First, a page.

Department of Construction, Water Resources Bureau, and regional
farmland irrigation associations were monitored and supervised. In 1948,
the government regrouped Irrigation Association into Irrigation
Committee in which the members were elected directly by its members. The
list also includes the local authorities (Permanent Secretaries) and
Irrigation experts (expert commissioners). After the committee selected
the chief commissioner and the vice chief commissioner, the names were
passed to the Water Resources Bureau for appointment.
After the regrouping, the government had more control over the
irrigation committee but in the absence of law enforcement, the
irrigation committee was like a government agency in form but was still
generally viewed as a private group. It was neither a public nor a
private organization. Difficulties were encountered as a result. In
1956, the government promulgated “Taiwan Province Irrigation Association
Organization code”. The 40 irrigation committees in the nation were
combined into 26. These irrigation associations were entitled to
corporate rights, were allowed to exercise governing rights but did not
fall under the jurisdiction of government agencies.
Later on, finance and personnel related problems were frequent
occurrences due to corruptions. The government was forced to propose a
comprehensive plan intended for irrigation associations in 1975. Member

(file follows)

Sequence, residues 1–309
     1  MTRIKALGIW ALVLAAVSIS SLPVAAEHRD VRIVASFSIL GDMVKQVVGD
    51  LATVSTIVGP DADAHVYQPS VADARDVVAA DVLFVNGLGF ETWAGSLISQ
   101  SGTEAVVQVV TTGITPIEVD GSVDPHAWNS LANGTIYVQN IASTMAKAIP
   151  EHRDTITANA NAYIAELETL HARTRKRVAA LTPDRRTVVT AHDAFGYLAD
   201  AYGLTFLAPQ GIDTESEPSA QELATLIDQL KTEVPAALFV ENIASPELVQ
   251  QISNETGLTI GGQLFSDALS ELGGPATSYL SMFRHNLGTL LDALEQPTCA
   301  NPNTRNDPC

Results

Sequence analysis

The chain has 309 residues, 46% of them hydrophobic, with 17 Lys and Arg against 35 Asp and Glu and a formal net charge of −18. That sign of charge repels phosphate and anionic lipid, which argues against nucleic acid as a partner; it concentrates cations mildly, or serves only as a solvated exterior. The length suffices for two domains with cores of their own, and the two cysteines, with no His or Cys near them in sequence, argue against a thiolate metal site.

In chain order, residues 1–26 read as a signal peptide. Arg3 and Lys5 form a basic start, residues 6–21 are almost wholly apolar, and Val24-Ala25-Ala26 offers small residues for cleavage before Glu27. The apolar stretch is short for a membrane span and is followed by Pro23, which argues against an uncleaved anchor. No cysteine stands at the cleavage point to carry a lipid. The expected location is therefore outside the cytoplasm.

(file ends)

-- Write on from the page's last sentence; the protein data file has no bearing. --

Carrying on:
elections were terminated temporarily. The chairman was directly
appointed by the provincial government and the irrigation associations
were combined into 14 in number. It was not till 1982 was the autonomy
of public juridical persons restored. 2 to 3 people were nominated by
the government but it was the committee that selected the chairman.
After the election system was restored, local factions manipulated the
system and tampered with election results. In 1993, The Legislative Yuan
passed the amended “The General Guidelines for Irrigation Association
Organizations”. As stated in the general guidelines, the chairman and
committee members are to be selected by the government. The “committee
representative system” was changed into the foundation system”. The
following year, irrigation associations in the nation under Ministry of
Economic Affairs were relisted as under Agriculture Committee. The
chairman was directly appointed by the government to minimize
interventions from local factions. The government hoped to change all
irrigation associations into public agencies. However, after 2002, the
chairman was again elected by committee members. Strictly speaking,
irrigation associations were only ostensibly called public agencies.
Summary of Irrigation
Association Organization Developments
※Privately built, managed, and free traded
※There was no irrigation establishment among local
Japanese Colonial Period
※In 1901, “Taiwan Public Reservoir/canal Code” was
promulgated and managed actively.
※In 1908, “Government Reservoir/canal Code” was promulgated
and managed by government reservoir/canal assembly.
※In 1921, “Taiwan Irrigation Assembly Regulation” was
promulgated and the reservoir/canal Assembly was renamed
Period of the R.O.C.
※In 1946, Irrigation Assembly and Public Reservoir/canal
assembly were regrouped as Farmland Irrigation Association.
※In 1948, Irrigation Association was regrouped Irrigation
※In 1956, 40 irrigation committees were combined into 26
※In 1975, the chairman was appointed by the government and
the irrigation associations were reduced to 14 in number.
※In 2002, the chairman was elected by members.
Irrigation Association Distribution
Dept. of Irrigation
You can 》》UP